The research, published last week in the journal Nature Communications, was conducted by Associate Professor Tao Liu and his team.
New insights into the genetics of neuroblastoma
It’s long been known that certain segments of chromosomes are frequently lost or gained in neuroblastoma. The most common change observed is the gain of the bottom half of chromosome 17, a region called 17q. This gain is associated with a poor prognosis, however it’s been unclear which particular gene or genes in this region are important.
Our researchers have found that a gene located on 17q called JMJD6 is gained in about 80% of human neuroblastoma samples, and its high expression predicts poor patient outcome. They showed that JMJD6 is a genetic regulator, activating a set of genes that increase the aggressiveness of neuroblastoma. When they turned off JMJD6 using a genetic silencer, this set of genes was deactivated.
Consequently, neuroblastoma cells tested in the lab grew more slowly. In a mouse model of neuroblastoma, switching off JMJD6 slowed tumour progression and prolonged survival.
A targeted drug therapy
The team then looked for drugs that could switch off JMJD6. They found one drug, called THZ1, that worked quite well, then realised that if they combined it with a second drug called panobinostat, the suppression of JMJD6 was much stronger. When they tested this drug combination in their mouse model, it was highly effective, causing tumour regression and prolonged survival.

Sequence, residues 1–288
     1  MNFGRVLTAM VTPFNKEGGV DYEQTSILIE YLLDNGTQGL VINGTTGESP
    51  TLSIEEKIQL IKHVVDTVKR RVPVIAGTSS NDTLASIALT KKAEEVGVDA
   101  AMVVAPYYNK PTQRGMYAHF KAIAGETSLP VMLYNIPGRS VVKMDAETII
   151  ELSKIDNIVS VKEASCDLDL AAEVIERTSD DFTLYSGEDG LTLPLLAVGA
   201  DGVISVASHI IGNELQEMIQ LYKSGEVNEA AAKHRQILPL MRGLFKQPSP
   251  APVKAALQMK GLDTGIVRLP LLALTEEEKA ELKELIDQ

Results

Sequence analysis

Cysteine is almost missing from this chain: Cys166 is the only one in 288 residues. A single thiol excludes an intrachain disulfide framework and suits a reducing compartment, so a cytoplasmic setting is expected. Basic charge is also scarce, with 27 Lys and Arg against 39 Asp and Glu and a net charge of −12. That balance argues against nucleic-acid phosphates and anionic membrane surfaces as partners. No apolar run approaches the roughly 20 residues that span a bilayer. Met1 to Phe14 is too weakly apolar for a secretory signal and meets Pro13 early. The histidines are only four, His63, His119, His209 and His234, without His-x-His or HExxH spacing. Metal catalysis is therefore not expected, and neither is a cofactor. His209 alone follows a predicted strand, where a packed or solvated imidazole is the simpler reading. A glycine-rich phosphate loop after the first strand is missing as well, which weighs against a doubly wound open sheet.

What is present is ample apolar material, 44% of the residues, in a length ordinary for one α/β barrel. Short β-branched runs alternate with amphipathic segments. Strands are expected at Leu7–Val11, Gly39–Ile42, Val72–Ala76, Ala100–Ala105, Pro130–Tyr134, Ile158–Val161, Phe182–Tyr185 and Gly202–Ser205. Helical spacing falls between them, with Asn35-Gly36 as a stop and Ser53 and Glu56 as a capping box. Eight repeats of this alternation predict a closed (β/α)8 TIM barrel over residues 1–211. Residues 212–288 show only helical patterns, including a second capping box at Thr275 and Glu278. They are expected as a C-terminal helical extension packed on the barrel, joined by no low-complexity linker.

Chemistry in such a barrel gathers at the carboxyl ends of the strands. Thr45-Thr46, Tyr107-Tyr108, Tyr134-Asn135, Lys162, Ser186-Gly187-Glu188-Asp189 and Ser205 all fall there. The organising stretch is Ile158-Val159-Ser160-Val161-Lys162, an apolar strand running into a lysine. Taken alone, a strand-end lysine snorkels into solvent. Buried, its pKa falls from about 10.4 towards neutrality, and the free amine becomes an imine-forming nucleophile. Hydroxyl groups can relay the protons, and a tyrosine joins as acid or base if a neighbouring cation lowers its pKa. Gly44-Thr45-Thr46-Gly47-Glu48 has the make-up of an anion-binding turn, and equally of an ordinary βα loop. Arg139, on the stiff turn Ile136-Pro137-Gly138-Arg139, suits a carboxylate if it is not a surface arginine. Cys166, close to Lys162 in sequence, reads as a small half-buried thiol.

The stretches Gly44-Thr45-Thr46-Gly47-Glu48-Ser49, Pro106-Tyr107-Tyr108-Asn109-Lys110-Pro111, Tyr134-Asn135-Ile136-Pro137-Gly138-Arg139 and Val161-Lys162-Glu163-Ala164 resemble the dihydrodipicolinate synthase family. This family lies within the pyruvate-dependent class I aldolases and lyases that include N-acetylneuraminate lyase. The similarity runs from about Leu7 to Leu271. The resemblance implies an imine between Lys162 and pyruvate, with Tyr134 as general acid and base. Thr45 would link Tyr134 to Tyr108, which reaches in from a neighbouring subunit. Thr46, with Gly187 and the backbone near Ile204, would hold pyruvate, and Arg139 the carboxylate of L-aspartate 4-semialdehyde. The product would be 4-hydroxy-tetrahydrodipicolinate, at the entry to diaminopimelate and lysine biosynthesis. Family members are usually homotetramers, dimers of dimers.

Overall, these results demonstrate that JMJD6 plays a critical role in neuroblastoma tumorigenesis and is therefore a novel therapeutic target. Furthermore, the study has identified an effective, targeted drug treatment. As panobinostat is already in clinical use, and a drug that works in the same way as THZ1 is in clinical trials, these results support the rapid translation of this targeted therapy as a novel treatment for neuroblastoma.
Read the research article.
Top image: The 23 pairs of human chromosomes. The JMJD6 gene is located on the bottom half of chromosome 17 (Image source: National Human Genome Research Institute).